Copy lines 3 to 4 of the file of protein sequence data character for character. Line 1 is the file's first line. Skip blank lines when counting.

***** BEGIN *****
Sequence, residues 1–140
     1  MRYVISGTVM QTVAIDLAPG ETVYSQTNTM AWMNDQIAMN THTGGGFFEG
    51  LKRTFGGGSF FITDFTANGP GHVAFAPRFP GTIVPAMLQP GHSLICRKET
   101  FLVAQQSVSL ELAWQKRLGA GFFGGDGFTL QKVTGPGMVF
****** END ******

    51  LKRTFGGGSF FITDFTANGP GHVAFAPRFP GTIVPAMLQP GHSLICRKET
   101  FLVAQQSVSL ELAWQKRLGA GFFGGDGFTL QKVTGPGMVF